In case it sounds like I have actually lost it, I’m talking about Extroverts. I’ve been undertaking MBTI personality testing with one of my senior classes and in teaching them have learned a bit more about myself. I’m an extreme extrovert.

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This comes as no surprise to those who know me, but perhaps very few realise how far I swing in that direction. When I’m really ME, I need literally no alone time. During my serious bouts of depression, this flipped to barely wanting to see anyone. I would work when I had to – and ‘play’ at being my general happy self – come home and go immediately to bed. I would often pretend to miss phone calls so that I could either text people or call them when I could cope with it. This is NOT the real me. Nowadays, I ask my family members to follow me to the shower to continue a conversation in case I miss out on company time.

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Back to my experiment. My hypothesis is this: My motivation to do more will increase with the acquisition of an E friend who likes similar things and has/makes time for me. So I need an E please!

My family love me and do spend time with me, but all 5 (actually, uncertain about Theo) of them are I people and, after a day at work or school, scatter like cockroaches under kitchen lights. They know who I am and do spend time, but, short of a roster, there’s not enough company for me.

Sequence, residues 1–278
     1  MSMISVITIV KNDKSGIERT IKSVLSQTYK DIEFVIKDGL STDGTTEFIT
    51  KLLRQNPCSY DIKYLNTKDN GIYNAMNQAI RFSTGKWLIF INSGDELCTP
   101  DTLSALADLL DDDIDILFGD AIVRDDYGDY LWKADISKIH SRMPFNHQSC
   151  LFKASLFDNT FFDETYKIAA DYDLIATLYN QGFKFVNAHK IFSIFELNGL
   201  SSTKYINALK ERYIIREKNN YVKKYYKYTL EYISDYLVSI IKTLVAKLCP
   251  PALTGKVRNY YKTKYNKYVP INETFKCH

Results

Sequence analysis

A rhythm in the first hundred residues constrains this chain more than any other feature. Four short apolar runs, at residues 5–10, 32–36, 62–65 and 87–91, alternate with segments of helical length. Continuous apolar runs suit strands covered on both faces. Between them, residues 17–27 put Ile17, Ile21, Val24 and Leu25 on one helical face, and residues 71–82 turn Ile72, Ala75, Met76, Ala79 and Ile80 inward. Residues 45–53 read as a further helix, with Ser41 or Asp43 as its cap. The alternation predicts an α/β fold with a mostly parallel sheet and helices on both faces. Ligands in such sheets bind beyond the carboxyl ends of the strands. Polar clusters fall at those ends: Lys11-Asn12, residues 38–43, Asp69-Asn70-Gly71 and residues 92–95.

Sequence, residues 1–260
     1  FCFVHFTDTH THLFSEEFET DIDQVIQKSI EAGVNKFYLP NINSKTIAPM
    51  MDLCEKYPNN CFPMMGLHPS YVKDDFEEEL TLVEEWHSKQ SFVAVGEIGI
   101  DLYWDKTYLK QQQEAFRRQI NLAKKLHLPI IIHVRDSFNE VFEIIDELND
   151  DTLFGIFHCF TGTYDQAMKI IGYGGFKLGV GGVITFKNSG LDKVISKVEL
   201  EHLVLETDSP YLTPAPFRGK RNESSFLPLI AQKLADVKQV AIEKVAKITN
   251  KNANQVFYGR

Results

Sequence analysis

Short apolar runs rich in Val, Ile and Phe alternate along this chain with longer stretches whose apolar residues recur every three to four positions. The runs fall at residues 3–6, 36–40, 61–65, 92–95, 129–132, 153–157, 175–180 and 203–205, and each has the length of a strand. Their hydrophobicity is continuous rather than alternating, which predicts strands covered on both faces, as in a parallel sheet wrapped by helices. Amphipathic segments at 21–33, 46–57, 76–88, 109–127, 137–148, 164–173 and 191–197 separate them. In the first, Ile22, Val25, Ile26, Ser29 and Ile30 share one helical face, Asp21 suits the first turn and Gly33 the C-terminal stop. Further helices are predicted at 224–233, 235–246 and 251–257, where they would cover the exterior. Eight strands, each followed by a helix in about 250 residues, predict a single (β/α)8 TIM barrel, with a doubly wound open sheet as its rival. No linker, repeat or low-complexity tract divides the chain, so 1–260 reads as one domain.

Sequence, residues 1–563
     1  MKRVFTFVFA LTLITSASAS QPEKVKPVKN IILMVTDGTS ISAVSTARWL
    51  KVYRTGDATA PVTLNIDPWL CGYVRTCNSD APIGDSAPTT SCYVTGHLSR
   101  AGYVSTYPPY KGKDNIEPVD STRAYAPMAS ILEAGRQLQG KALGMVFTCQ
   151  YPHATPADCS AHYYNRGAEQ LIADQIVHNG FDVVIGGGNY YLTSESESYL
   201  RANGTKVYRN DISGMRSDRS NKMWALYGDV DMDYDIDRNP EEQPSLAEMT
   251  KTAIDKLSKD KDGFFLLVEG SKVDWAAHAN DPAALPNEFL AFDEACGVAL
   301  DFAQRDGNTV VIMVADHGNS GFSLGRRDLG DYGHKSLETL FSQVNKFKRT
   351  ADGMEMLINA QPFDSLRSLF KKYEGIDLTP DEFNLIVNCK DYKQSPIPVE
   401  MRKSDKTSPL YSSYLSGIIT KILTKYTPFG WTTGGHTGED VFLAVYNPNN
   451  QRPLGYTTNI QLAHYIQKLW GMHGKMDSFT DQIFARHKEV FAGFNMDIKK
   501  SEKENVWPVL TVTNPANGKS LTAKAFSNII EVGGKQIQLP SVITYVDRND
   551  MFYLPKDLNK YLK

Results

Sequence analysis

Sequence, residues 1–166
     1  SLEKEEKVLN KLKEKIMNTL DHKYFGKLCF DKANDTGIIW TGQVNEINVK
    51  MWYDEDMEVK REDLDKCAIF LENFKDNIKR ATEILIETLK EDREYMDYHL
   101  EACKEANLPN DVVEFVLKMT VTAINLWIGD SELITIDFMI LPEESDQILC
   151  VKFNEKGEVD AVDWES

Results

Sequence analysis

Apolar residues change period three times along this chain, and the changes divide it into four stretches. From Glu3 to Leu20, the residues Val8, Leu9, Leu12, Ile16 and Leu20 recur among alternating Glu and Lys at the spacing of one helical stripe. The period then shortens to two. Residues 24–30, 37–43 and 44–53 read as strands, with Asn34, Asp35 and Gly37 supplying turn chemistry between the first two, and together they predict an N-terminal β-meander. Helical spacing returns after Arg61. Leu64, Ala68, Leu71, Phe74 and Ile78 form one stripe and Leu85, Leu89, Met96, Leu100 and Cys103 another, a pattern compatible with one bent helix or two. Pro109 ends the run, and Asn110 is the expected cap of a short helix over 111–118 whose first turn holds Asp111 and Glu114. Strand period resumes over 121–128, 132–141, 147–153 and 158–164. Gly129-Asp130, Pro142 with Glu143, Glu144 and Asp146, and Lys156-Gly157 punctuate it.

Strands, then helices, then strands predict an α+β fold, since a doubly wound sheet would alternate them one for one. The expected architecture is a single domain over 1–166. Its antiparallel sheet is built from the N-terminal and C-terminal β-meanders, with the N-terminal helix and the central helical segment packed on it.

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All of my close friends are I people. That’s always been the case, now that I think about it. I make plans and my friends enjoy coming along, but they don’t NEED me like I need them. Not need like clingy for emotional support, but need in terms of time. I’ve always had I friends and they don’t think of inviting someone (specifically me) every single time they think of going somewhere. Not out of spite, you understand, just because they are happy to do things on their own.

So, I’d like an E friend who’d like to spend loads of time with me.

The idea I have is that I will have more E time and therefore more energy. More energy equals more things achieved.

What are your thoughts? Any other experiments? What’s your personality type and how has it affected you?

Permanent Ink?

I have never considered getting a tattoo before. This has been for two main reasons:
1) Apart from God and my family, I’ve never stuck to one thing long enough to warrant contemplating having it inked permanently onto my person.

2) I have a relatively severe needle phobia. This is self-explanatory.

This afternoon, I came upon this blog post:

The Semicolon Project

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And I felt a blast of decision. I will do this. I will tattoo a semicolon on my inner wrist to:

1) Remind me to take a pause and keep going. When I struggle with my depression, I need this. Life throws all manner of things at us and we all need to pause and keep going.

2) Start conversations. When I’ve shared my experiences of depression on Facebook, I’ve been whelmed by the conversations that are ignited. People vent and share and feel they’re not alone. I’ve had some people say that they’ve been on the verge of taking their own lives and, having seen my posts, have felt less alone and kept going.

One woman, hearing me describe my decade at a ladies’ conference, came up to me afterwards and said that her grown up daughter felt the same way as me and they’d never understood each other.  She was going home that day to apologise and help her seek help. I’ve seen her since and apparently all is going much better.

During times like this, when I feel like my depression is somewhat sorted and under my control, I often forget to share and the world sees me as ‘normal’ me. I’d like to remind others and myself that depression is often ongoing and the need to support each other is also ongoing.